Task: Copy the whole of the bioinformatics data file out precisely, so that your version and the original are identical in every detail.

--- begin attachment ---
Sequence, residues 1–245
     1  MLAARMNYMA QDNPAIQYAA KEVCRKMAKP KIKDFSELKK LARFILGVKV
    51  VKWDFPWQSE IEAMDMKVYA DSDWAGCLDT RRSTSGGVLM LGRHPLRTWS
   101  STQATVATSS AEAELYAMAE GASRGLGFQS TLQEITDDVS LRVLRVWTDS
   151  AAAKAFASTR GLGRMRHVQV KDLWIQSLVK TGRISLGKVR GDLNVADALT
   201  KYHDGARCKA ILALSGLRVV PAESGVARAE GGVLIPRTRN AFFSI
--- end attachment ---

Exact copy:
Sequence, residues 1–245
     1  MLAARMNYMA QDNPAIQYAA KEVCRKMAKP KIKDFSELKK LARFILGVKV
    51  VKWDFPWQSE IEAMDMKVYA DSDWAGCLDT RRSTSGGVLM LGRHPLRTWS
   101  STQATVATSS AEAELYAMAE GASRGLGFQS TLQEITDDVS LRVLRVWTDS
   151  AAAKAFASTR GLGRMRHVQV KDLWIQSLVK TGRISLGKVR GDLNVADALT
   201  KYHDGARCKA ILALSGLRVV PAESGVARAE GGVLIPRTRN AFFSI